Carter Center Slideshow: Ugandan Lab Tests Blood, Flies Nonstop

At the Carter Center's field office in Kampala, the capital city of Uganda, a busy scientific laboratory is devoted to a single cause: the surveillance, and ultimate elimination, of river blindness.

For the past five years, lab staff have performed two exacting processes hundreds of thousands of times. One is the analysis of blood samples using the OV-16 antigen to detect the presence of onchocerciasis microfilaria, the pre-larval-stage parasitic worms that can infect the body. The other is the testing of black flies and "skin snips" of human tissue to learn whether they contain the parasite's DNA.

  • David Oguttu, a Uganda Ministry of Health staff member, oversees the onchocerciasis lab in Kampala. David holds a child's blood sample which he is testing for exposure to onchocerciasis microfilaria, which cause river blindness.

  • Lab technician Christine Nahabwe prepares to test a blood sample. It is estimated that this lab has performed more OV-16 analysis than any other in the world.

  • Black flies are collected by community members who use themselves as bait. Each sample is carefully labeled with the date and place of collection so the lab can track transmission.

  • Lab technician Monica Ngabirano prepares black fly samples, of the species Simulium, for testing. The flies' DNA is extracted and tested in the PCR machine. (All photos: Carter Center/K. Hinton)

Volunteers and health workers in Uganda's 32 endemic districts collect these samples from community residents, pricking thousands of "blood spots" from children under age 10 and snipping skin from adults. Community members also gather fly samples the only way the pests can be caught: by using themselves as human bait, sitting beside fast-flowing waters and trapping the unsuspecting flies in bottles when they land to bite the skin.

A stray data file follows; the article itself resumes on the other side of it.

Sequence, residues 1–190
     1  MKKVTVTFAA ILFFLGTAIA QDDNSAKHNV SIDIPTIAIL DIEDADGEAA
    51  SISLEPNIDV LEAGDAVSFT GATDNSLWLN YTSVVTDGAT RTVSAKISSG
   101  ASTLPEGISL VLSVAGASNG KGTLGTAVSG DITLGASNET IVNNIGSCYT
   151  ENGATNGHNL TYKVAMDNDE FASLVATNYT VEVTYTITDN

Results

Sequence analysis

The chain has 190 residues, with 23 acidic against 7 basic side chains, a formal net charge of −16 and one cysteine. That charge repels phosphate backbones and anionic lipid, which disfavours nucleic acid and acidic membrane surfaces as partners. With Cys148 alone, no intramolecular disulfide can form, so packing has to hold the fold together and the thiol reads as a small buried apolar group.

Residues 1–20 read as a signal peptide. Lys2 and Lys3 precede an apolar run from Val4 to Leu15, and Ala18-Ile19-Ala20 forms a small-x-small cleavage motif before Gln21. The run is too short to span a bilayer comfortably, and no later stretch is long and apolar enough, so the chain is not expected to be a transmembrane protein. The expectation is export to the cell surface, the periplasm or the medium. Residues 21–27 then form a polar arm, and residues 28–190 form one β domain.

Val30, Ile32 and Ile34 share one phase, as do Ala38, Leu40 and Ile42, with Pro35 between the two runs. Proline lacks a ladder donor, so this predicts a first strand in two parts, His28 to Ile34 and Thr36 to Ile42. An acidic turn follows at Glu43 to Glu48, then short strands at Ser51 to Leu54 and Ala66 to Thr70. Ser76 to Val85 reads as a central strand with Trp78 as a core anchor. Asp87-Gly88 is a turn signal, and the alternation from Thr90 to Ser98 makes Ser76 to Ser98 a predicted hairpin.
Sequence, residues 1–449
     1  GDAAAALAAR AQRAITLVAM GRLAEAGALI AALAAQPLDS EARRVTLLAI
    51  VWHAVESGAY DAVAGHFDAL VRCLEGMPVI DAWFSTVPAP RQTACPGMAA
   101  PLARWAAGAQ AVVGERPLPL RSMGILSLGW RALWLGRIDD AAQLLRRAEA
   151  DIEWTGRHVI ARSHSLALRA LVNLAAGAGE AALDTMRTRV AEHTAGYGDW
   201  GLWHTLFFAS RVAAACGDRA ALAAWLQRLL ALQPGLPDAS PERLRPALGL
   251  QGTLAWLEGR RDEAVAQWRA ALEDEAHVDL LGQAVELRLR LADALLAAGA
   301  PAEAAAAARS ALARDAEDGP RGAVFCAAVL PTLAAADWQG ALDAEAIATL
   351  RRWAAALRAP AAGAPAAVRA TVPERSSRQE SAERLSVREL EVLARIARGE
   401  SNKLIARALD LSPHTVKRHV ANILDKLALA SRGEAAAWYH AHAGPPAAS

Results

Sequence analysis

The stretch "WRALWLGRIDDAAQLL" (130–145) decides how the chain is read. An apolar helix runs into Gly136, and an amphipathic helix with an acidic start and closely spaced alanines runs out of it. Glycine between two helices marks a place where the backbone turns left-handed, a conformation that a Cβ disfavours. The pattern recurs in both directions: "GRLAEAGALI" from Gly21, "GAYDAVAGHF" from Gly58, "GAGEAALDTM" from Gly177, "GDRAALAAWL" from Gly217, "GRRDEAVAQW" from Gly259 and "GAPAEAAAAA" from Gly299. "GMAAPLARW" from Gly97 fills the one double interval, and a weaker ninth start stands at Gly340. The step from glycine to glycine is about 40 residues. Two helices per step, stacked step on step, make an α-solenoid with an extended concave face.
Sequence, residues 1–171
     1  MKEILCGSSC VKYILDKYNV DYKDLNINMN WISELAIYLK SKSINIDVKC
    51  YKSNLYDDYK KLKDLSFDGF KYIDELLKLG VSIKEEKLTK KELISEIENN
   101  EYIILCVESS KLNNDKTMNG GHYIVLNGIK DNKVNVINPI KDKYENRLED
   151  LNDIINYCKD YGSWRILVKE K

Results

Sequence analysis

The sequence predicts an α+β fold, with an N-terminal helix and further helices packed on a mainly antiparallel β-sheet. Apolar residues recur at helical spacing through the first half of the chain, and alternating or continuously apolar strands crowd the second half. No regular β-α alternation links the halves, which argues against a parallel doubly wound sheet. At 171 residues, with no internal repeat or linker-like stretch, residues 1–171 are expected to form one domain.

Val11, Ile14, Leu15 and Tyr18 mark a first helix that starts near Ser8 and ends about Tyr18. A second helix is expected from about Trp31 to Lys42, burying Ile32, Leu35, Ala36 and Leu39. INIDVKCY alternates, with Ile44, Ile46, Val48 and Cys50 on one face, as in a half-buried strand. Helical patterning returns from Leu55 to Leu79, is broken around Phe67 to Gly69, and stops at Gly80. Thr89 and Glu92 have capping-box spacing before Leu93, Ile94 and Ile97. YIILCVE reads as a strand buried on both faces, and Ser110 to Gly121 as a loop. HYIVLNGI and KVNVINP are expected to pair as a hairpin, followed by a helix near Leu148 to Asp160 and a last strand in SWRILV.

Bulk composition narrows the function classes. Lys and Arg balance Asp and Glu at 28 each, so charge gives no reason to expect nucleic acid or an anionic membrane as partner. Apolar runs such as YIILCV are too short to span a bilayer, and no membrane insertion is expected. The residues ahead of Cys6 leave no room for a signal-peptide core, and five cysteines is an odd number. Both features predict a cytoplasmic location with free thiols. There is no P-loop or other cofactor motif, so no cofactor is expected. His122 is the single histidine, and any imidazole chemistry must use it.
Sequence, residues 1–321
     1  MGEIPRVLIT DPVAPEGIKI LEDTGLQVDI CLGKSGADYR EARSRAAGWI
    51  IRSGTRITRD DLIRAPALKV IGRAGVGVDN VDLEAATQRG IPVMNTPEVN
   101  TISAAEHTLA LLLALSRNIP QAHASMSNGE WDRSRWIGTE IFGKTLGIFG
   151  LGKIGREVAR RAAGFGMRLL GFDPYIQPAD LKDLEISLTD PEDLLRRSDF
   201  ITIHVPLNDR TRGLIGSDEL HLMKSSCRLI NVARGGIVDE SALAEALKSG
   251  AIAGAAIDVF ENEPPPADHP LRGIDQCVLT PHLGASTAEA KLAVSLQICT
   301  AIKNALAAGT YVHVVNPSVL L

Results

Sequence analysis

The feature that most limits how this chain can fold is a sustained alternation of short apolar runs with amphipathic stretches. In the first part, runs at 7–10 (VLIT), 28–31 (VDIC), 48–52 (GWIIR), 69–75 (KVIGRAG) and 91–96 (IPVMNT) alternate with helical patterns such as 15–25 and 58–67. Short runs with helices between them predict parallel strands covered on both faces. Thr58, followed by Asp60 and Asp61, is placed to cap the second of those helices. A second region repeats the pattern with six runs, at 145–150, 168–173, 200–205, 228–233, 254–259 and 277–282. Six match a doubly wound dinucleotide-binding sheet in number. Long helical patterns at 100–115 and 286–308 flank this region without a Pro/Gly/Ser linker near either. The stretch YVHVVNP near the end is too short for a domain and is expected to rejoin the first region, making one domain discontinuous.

Established in 2007 by The Carter Center and the Ministry of Health Vector Control Division, the lab tests about 17,000 blood samples each year. It is estimated that this lab has performed more OV-16 analysis than any other in the world.

Overseeing this Olympic effort is senior lab technician, David Oguttu. A native of Uganda's Busia district, Oguttu holds a bachelor's degree in biomedical lab technology from Makerere University's School of Entomology and Parasitology. Oguttu grew up seeing people in his village suffering and dying from another parasitic disease, schistosomiasis, and was moved to choose a career in public health.

In 2007, with sponsorship from The Carter Center, he was selected to travel to the United States for a five-week training program in practical molecular epidemiology, studying with Thomas Unnasch of the University of Alabama-Birmingham. Oguttu learned lab techniques including OV-16 testing and DNA analysis using a special machine that creates a polymerase chain reaction (PCR). When he returned, he trained eight other technicians to conduct these procedures.

"I enjoy lab work," Oguttu said. "When we started, the morbidity level was very high. Now we have reached all affected communities, conducting screenings and giving health education. Every mother is bringing her children. Everybody wants our services. This is a great achievement."

Oguttu and the lab staff are seeing fewer and fewer infected samples, as river blindness transmission has been halted in several areas of the country. But it's estimated that more than a million people are still affected and another 2 million remain at risk. According to Oguttu, the statistical data they are producing in the lab are more important than ever as the country strives for elimination by 2020.

"We are the only lab doing this in Uganda," he said. "These are neglected tropical diseases. No one cares about them. We are the only department in Uganda going out into the communities to bring these services to the people. Sincerely, this is great work, and I am very grateful to be doing it."


Making it Happen: The Science Behind Eliminating River Blindness
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From Control to Elimination
As a world leader in disease eradication and elimination, The Carter Center now has set the goal of eliminating river blindness in all of the countries where we work against it. As such, the Center's River Blindness Program recently was renamed the River Blindness Elimination Program.
Learn more about the program

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